the help you give to this cause."

Iris Shearer
Fountain Valley, California

Making
a point

Again, your August 1998 edition deserves quality and taste. Ms. Veronica Hunt in the
August 1998 Letters column could not be more correct. After living in the United States
for almost ten years, I decided to have a subscription of Brazzil and I am
wondering if I made a mistake. It is hard for any Brazilian male or female to see this
kind of `advertising’ in any publication. Brazil is more than naked women. Why not add
pictures of naked men, poverty, crime scene, Brazilian corruption and other things that
Brazil is proud of showing internationally? I think I made my point.

Cafruni Family
Van Nuys, California

The Horse
and
the Cross

Believing that you know what you are writing about I found it tremendously sad to read
your short-short comment on the film O Pagador de Promessas, a brilliant film that
I have seen myself. But you write that there was a man wanting to take his horse into a
church!! There was no horse but a cross—a copy of the cross on which Jesus was
crucified! If you are capable of writing things as wrong as this, how can I trust other
`important’ things you write about? I deeply regret this.

Ellen Stokland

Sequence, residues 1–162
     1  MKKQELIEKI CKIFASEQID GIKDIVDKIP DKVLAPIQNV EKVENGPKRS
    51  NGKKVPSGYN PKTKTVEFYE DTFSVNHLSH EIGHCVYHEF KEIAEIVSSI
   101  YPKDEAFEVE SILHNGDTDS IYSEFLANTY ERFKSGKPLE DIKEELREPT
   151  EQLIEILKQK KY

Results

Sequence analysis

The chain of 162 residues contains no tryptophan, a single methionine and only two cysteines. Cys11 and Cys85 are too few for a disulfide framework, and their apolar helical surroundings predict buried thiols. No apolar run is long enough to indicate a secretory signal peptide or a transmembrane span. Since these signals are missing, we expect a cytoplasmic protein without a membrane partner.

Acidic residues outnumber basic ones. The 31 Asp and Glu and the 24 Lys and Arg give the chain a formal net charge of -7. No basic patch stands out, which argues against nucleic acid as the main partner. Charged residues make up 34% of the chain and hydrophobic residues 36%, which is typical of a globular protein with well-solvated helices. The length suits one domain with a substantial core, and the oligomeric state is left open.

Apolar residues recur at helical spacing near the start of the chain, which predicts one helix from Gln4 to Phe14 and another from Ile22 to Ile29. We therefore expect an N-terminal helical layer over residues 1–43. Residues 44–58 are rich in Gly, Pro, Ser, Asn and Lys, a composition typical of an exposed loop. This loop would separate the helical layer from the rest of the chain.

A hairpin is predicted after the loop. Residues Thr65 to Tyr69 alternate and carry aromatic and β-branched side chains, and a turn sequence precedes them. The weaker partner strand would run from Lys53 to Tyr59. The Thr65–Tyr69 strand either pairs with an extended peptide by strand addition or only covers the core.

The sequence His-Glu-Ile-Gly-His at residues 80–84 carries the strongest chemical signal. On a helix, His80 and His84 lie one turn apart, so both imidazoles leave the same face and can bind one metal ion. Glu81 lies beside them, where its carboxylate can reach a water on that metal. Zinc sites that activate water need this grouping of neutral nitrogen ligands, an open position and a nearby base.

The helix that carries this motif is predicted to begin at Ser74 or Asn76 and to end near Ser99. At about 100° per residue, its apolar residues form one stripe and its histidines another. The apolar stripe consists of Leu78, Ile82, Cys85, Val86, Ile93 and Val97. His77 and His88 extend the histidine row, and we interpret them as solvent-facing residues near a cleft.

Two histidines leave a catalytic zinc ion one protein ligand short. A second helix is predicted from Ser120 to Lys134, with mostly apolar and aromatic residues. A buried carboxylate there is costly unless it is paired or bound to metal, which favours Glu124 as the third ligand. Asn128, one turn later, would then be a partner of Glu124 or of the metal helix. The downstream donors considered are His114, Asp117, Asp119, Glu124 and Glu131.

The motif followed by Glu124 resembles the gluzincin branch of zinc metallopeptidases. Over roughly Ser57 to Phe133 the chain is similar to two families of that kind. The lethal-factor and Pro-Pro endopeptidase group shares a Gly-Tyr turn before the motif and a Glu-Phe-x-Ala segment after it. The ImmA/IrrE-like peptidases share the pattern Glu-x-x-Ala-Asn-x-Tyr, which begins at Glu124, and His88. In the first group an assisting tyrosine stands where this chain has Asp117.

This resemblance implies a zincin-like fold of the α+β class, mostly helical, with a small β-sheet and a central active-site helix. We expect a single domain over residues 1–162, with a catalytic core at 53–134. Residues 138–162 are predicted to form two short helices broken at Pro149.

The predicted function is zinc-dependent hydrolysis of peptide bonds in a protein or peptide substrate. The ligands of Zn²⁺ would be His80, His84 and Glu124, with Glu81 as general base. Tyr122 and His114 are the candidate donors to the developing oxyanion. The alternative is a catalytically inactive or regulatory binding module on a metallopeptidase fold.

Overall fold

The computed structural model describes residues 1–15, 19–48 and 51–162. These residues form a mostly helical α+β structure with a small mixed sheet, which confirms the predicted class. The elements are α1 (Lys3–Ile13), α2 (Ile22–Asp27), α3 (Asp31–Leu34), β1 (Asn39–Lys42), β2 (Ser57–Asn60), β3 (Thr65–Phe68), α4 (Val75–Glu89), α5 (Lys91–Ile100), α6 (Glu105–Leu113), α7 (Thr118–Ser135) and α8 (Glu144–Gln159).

Department of Media and Communication
University of Oslo, Norway

Aussie
Charm

Thanks for publishing excerpts from my book Brazilian Booty in the June 1998
issue of Brazzil. I’ve had orders for it from America, Australia and Brazil as a
result and was sent very nice feedback.

Michael X Savvas
Australia
msavvas@usa.net 

Thanks
for Bruce

I just wanted to thank Bruce Gilman for the fantastic article on Daniela Mercury.
Wonderfully written and very informative. I do a weekly radio show up in Washington state
and I feature two hours of Brazilian music each week, and this week I’m featuring
Daniela’s music, in honor of her birthday last Tuesday. So I’ll be giving Bruce credit for
any information that I impart to my listeners.

Joel Litwin
KZAZ-FM/"do Brasil"

More
Bruce

I want to congratulate Bruce Gilman for the good job he has done at Brazzil
magazine. His reporting is really clear and concise. I love them all. It’s impressive his
familiarity with the Brazilian culture. As a Brazilian myself, I can say with no doubt
that he is very well informed about my country. Thanks for keeping us updated. I’m a 32
year old Paulista, teacher of History and International Affairs, who has lived in
Los Angeles for the past two years in order to understand well the English language and
the American society. Hoping I will be reading more by Bruce soon.

Venceslau DeSouza
Los Angeles, California

Adding
Perspective

Thank you for publishing "The Wild and the Tamed" by Jerine Watson. Ms.
Watson’s perspectives have opened my abilities to appreciate my past and future Brazilian
experiences.

Steve Stanley
Via Internet

Information,
Please

I have been looking for months the Brazilian soap opera soundtrack of "Mulheres de
Arena" and "Renascer", the one whose songs are in Portuguese. Please tell
me if you have it or any information that will help me to find it. I understand Spanish
and English, thanks for your help. You could answer me to megwinoff@yahoo.com .

Teresa
Via Internet

Painting
Kids

My name is Alexandra, For my major artwork at school, I am doing street kids. I want to
perceive the need for something to be done in this area. I was wondering if you have any